If you have been tracking monetary speculation, there are few more dramatic disparities in benchmark forecast than the course projected for the ECB and the Federal Reserve. The European authority has made a concerted effort to position itself as a conscientious dove that will not budge from its policy position, even if inflation is a problem. In distinct contrast, we have the Fed that has been warning the world that a stiff policy of tightening is ahead. The Dollar has clearly benefit, but that contrast also translates into the pricing of benchmarks like USDJPY (where intervention speculation is gaining serious foothold above 125) and EURUSD which is dealing with multi-year support at 1.0800. FX traders are already watching closely, but I think this is a staged fight that all macro-minded market participants should be following.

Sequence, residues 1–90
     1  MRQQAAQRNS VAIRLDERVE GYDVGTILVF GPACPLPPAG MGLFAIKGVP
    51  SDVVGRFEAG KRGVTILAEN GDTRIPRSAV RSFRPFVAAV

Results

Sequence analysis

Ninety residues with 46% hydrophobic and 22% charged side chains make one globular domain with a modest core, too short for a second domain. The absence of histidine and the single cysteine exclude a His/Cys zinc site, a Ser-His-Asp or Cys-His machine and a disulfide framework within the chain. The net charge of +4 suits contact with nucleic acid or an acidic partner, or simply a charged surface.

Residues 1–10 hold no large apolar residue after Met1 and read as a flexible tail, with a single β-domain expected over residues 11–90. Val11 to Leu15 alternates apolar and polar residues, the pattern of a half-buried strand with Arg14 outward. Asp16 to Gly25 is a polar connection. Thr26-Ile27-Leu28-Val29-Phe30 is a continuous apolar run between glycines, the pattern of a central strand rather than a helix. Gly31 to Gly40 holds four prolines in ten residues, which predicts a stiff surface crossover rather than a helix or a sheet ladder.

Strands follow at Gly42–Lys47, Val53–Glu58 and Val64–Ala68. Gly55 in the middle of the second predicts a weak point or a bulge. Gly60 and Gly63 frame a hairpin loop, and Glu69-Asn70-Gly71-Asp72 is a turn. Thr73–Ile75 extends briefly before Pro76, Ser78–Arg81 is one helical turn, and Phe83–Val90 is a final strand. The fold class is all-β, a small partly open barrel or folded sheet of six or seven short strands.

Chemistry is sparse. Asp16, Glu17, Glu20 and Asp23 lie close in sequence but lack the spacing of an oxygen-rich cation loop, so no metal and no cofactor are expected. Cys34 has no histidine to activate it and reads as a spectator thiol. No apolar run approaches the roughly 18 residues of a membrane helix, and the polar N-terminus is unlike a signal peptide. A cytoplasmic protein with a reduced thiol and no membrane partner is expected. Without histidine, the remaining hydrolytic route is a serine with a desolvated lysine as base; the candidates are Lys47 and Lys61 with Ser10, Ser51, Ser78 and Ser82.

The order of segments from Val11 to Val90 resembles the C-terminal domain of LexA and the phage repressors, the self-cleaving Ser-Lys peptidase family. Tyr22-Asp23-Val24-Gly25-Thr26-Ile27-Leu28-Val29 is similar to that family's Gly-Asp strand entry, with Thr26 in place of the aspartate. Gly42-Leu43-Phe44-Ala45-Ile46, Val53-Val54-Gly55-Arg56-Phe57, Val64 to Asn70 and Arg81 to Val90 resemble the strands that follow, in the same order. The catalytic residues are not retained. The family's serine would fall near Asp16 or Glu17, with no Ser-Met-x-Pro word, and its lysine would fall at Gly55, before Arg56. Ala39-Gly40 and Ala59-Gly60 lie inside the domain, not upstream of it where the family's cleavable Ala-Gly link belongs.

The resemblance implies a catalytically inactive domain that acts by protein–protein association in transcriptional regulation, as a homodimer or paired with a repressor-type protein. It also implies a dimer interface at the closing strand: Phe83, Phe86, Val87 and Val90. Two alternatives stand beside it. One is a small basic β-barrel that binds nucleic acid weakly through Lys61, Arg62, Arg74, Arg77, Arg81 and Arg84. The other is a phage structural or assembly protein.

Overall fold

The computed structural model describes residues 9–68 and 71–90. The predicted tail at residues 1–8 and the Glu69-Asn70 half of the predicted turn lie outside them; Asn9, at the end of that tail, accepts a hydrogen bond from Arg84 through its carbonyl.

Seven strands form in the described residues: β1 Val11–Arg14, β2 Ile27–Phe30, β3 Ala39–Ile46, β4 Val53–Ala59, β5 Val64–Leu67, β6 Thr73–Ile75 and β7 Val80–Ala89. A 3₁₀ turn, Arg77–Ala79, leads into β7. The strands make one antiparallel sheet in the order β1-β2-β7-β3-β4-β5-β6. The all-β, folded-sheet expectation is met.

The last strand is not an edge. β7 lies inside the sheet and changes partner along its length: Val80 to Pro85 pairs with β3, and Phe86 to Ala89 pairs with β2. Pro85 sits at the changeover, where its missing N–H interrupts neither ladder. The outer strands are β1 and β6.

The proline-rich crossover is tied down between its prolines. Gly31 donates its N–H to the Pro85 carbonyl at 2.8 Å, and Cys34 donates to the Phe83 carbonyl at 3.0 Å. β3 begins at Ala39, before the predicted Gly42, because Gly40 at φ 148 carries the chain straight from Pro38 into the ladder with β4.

EUR/USD Bullish
Data provided by
of clients are net long. of clients are net short.
Change in Longs Shorts OI
Daily -17% 10% 0%
Weekly -9% 13% 6%
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Chart of EURUSD with 100-Day SMA (Daily)

Chart Created on Tradingview Platform

The Central Bank Options